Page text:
Writing a historical piece with fictional elements?

Andythehuman

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My apologies if this is the wrong place, but I have a bit of a conundrum in terms of status quo and genre.
I have a much older friend (89) who's late husband was in WWII, part of a tank battalion. She gave me his diaries from the war, as well as permission to write the story how I see fit.
My questions are:
1. Would it be uncouth to "Hollywood it up" so to speak? Sort of a Saving Private Ryan thing...
2. If I stray from strict historical fact, would that change it from non-fiction to fiction?

I'm a fiction writer by passion (hopefully trade someday), but this project will be near and dear to me. If it ever sells, I'd like to find a way to use any money made from it to help her should she still be with us.

Thank you,
Andy
 
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Brigid Barry

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If your intention is to write non-fiction, then it needs to be verifiable facts.

If you start making stuff up that's historical fiction (which is a thing beloved by many).
 
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Sonsofthepharaohs

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I have a much older friend (89) who's late husband was in WWII, part of a tank battalion. She gave me his diaries from the war, as well as permission to write the story how I see fit.
She sounds like an awesome lady, and that's an awesome primary source to base your story on :)
My questions are:
1. Would it be uncouth to "Hollywood it up" so to speak? Sort of a Saving Private Ryan thing...
Not at all - as long as she has given you permission to do so, and you're writing historical fiction.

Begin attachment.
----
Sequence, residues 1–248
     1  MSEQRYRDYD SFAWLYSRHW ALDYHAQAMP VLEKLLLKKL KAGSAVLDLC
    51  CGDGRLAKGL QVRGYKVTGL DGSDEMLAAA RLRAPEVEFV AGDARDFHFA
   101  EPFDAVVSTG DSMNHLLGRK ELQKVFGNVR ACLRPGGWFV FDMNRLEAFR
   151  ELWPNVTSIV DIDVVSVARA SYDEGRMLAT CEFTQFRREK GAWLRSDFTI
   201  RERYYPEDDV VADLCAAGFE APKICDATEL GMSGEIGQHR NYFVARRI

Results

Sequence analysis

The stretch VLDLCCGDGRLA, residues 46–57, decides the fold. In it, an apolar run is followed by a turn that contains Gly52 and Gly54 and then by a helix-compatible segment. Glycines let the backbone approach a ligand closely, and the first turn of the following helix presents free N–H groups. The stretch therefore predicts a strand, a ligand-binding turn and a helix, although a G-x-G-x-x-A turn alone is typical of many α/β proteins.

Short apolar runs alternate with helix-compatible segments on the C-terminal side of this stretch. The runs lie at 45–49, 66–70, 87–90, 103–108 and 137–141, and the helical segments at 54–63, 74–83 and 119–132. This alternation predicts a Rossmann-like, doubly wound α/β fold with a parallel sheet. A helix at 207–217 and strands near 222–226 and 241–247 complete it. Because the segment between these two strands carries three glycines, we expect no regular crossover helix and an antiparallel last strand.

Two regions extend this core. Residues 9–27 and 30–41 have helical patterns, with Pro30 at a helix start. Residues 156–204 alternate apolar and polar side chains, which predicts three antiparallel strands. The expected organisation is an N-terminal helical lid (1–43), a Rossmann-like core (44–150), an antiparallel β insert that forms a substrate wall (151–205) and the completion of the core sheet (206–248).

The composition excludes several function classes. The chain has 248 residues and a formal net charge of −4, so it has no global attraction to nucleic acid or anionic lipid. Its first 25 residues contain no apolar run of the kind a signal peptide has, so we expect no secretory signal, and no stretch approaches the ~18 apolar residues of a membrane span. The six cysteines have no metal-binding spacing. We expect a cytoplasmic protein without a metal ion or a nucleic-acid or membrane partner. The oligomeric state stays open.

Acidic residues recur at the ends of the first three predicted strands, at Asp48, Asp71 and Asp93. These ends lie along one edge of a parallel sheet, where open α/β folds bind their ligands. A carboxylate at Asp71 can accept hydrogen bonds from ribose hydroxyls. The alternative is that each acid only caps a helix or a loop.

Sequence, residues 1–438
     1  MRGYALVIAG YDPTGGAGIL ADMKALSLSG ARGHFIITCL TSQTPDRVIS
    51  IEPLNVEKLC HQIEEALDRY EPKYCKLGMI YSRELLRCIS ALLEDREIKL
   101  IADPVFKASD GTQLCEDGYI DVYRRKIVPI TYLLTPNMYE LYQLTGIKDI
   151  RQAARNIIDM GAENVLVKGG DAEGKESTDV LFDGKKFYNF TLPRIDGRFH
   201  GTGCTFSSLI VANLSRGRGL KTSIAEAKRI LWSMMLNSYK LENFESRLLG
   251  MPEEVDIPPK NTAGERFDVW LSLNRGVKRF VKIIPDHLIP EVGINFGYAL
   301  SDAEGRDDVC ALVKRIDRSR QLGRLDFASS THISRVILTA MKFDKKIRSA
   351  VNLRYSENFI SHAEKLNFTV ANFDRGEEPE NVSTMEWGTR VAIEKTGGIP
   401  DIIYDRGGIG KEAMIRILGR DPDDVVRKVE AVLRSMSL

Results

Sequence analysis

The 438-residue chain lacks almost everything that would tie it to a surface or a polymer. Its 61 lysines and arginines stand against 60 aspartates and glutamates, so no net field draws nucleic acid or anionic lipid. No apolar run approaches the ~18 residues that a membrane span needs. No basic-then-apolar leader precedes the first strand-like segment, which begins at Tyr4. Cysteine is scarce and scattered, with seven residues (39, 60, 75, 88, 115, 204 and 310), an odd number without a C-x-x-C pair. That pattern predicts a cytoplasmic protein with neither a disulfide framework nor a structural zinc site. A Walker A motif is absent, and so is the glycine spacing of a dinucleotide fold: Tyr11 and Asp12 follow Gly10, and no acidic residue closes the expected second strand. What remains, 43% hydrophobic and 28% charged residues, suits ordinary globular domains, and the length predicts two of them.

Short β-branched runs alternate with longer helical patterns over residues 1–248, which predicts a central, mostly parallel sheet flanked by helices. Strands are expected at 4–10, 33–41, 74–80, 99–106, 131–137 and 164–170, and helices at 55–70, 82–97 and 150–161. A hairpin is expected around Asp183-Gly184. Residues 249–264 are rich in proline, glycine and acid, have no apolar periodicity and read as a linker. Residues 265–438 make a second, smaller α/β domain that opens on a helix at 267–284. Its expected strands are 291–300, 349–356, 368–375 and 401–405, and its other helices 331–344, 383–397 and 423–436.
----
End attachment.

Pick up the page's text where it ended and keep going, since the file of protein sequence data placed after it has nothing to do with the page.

2. If I stray from strict historical fact, would that change it from non-fiction to fiction?
More than likely. Even if you're writing narrative non fiction, it still needs to be true to your primary sources, and those sources probably need to be cited. But if you're writing something like fictional biography, or a story 'based on' true events, you have much more leeway - this might be what you're imagining?
I'm a fiction writer by passion (hopefully trade someday), but this project will be near and dear to me. If it ever sells, I'd like to find a way to use any money made from it to help her should she still be with us.
That's a lovely intention, but you'd better get a move on... publishing moves at a glacial pace. You might see quicker - albeit smaller - results from self publishing.

Good luck :)
 
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Woollybear

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Hi Andy,

Like the others, I think adding the fiction shifts it to historical fiction ... "inspired by actual events." It would be a different audience, and possibly harder to trade publish (hard to say.)

Non fiction is queried on proposal, so you could, if you wanted, query it as a nonfiction proposal with plans of writing it that way if an agent was interested. It sounds like you want to write it up as fiction, which is queried after a project is completed, and so, this path comes with a higher risk of a lot of work for no return.

Whether fictionalizing would be uncouth depends on how your friend feels about your suggested changes, I think. I'd have a conversation with her about some of the details that you are considering adding. She may have given permission without thinking through what it is that really needs to be added.

Good luck! I'm an amateur and working through related concerns.
 

Andythehuman

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If your intention is to write non-fiction, then it needs to be verifiable facts.

If you start making stuff up that's historical fiction (which is a thing beloved by many).
I appreciate this. I needed to hear this exact thing.
I've been given a lot of mixed response on what constitutes Historical Fiction.
So, thank you very much.
 

Andythehuman